Premier Wen Jiabao's online debut won the hearts of those in the cyber community thanks to his soothing and candid answers on Saturday.
Wu Dingping, a blogger on Xinhuanet.com, said Wen's participation in a two-hour discussion on the site, during which he answered 30 questions, had been "the most exciting, encouraging and proudest moment for millions of Internet users".
"The exchange was the best encouragement for those who reflect social conditions and feelings, as well as take part in political and democratic life through the Internet," Wu said.
Zhou Xisheng, who blogs on People.com.cn, wrote: "China's democratic and political development has taken another step forward."
Wen was the second State leader to take his message to cyberspace following President Hu Jintao's short online chat at People.com.cn last June when he said: "I have to make time to go online, although I can't surf every day due to my busy workload."
Yu Guoming, deputy dean of the school of journalism and communications at Renmin University of China, said: "The State leaders' close connection with the Internet has been a testimony to the prosperity of interaction between officials and Internet users."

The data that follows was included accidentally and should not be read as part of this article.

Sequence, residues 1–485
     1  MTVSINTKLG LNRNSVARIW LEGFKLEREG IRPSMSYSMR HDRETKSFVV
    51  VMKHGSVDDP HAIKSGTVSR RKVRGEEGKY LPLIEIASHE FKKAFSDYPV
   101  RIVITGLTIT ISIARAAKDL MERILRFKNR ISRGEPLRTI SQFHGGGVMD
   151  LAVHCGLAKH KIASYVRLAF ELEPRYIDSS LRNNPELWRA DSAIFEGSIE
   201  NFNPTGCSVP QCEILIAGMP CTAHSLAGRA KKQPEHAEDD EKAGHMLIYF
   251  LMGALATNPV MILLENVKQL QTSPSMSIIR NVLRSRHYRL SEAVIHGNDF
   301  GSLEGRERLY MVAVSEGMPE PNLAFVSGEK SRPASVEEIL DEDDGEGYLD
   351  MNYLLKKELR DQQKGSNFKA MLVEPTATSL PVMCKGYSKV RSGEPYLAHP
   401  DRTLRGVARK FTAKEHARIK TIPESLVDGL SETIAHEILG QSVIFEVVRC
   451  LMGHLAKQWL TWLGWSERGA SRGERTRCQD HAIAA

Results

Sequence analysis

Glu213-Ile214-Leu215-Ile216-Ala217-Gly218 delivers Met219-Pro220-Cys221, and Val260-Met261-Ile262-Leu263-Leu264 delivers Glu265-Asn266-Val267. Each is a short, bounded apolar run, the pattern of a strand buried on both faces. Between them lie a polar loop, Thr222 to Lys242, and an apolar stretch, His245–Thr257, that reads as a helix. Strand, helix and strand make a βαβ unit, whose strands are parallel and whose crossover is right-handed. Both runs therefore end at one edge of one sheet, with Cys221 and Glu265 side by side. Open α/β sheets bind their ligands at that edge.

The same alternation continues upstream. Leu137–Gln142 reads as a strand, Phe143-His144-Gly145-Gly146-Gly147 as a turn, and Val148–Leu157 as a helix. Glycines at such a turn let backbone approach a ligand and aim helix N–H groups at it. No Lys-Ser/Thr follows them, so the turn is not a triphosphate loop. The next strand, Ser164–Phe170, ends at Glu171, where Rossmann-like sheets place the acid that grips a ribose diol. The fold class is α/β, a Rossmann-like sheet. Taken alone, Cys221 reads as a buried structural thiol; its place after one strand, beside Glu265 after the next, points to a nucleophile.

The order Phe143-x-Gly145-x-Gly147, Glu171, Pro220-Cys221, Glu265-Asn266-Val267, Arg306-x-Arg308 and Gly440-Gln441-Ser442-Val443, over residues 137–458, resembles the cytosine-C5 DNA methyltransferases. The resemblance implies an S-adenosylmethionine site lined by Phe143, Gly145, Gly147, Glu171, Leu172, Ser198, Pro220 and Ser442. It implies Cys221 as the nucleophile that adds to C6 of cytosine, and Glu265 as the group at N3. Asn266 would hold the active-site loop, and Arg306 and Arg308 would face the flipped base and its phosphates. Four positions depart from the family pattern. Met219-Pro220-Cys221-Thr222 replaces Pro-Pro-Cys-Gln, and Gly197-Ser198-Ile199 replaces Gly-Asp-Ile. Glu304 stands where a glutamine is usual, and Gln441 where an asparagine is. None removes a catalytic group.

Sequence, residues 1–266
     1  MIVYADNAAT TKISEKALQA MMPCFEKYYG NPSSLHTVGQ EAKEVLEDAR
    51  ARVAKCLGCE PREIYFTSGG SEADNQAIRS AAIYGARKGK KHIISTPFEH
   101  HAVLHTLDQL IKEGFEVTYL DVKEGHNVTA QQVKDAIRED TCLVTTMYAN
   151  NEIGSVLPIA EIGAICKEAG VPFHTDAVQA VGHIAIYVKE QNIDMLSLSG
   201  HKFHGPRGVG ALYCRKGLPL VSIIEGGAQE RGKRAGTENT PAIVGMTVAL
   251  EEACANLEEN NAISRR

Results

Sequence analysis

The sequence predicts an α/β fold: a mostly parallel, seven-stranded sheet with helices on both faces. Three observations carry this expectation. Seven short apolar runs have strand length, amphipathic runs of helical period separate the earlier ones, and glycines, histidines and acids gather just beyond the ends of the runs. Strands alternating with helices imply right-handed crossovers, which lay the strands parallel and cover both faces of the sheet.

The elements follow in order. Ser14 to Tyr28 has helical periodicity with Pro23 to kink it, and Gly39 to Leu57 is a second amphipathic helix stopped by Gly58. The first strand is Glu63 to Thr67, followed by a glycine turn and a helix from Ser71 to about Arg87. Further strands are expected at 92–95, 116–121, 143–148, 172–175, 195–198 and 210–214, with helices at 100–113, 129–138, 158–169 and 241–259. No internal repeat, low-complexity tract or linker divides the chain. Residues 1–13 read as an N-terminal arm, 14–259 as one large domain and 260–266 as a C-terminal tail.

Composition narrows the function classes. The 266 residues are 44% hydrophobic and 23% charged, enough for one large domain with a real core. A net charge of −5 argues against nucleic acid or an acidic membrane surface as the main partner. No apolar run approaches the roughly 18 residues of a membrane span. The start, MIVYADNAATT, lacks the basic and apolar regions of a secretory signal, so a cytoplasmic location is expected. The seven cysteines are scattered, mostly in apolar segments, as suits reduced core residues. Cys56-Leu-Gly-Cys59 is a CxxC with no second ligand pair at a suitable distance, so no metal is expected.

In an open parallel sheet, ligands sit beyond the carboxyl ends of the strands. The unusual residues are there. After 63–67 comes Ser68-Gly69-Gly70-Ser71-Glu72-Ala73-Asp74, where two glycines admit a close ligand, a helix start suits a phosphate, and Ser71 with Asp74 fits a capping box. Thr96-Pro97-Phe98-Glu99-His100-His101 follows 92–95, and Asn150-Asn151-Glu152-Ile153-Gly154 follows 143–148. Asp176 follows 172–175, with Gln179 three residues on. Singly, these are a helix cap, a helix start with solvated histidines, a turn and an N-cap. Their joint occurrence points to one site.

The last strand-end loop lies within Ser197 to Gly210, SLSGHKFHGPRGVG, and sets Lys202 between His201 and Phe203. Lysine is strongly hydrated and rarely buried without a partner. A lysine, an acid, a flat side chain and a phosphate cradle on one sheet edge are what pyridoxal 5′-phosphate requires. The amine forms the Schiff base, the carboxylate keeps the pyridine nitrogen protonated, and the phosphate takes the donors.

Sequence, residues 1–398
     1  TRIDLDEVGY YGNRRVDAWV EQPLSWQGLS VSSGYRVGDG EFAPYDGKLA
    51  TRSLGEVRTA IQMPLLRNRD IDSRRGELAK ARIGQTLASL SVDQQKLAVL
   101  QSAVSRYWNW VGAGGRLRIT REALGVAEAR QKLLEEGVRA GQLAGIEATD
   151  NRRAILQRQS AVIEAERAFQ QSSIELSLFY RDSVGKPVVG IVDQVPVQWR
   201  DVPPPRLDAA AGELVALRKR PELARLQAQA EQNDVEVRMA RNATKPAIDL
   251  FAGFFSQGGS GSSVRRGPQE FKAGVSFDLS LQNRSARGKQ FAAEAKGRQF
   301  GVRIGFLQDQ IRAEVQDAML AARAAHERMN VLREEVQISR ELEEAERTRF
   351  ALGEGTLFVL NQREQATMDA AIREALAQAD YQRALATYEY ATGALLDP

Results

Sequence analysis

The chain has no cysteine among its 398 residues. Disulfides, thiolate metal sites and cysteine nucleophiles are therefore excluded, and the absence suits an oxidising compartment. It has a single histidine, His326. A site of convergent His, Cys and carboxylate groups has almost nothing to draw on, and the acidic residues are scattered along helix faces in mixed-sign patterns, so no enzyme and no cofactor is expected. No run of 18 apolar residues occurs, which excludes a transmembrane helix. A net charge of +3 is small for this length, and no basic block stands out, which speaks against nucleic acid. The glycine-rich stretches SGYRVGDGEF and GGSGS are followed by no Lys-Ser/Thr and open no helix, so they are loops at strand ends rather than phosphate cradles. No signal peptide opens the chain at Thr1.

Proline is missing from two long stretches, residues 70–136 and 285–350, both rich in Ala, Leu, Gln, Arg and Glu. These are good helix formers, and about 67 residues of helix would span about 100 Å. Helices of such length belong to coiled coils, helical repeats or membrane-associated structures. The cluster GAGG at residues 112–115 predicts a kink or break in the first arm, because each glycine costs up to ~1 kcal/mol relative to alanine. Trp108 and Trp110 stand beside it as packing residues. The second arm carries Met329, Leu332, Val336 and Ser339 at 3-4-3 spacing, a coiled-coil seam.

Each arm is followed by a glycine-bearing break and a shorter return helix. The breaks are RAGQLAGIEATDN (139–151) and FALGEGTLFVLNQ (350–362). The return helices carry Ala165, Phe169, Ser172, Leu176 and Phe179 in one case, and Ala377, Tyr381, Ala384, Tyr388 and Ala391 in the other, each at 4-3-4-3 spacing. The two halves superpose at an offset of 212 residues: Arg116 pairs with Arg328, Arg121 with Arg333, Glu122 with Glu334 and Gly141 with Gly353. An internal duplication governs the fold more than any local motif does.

As the web is so popular, Chinese leaders recognize it as an important platform for listening to the people, he said, adding: "Their moves demonstrate their openness to public opinion in the Internet age and also the Party's increasingly open and confident government style."
The Internet today plays a large role in the country's political, economic and cultural construction, with data from the Ministry of Industry and Information suggesting the number of Chinese Internet users had already surpassed 300 million by the end of January.
Jin Jianbin, assistant to the dean of the school of journalism and communication at Tsinghua University, said the outlook of the online community is fast beginning to reflect that of the nation's population.
"Online exchanges attract real social conditions and sentiments, and such contact with the public through the Internet has special meaning," he said.
The Internet has gained huge power in gauging public feeling, making it "extremely important to manage it so as to secure people's right to know, participate, express and supervise," Jin added.
Bloggers and scholars alike hailed the premier's online exchange as an example to officials at lower levels.
A recent poll of 629 officials at county-level and above showed that a quarter often surf online, while 42 percent use the Internet occasionally.
Source: China Daily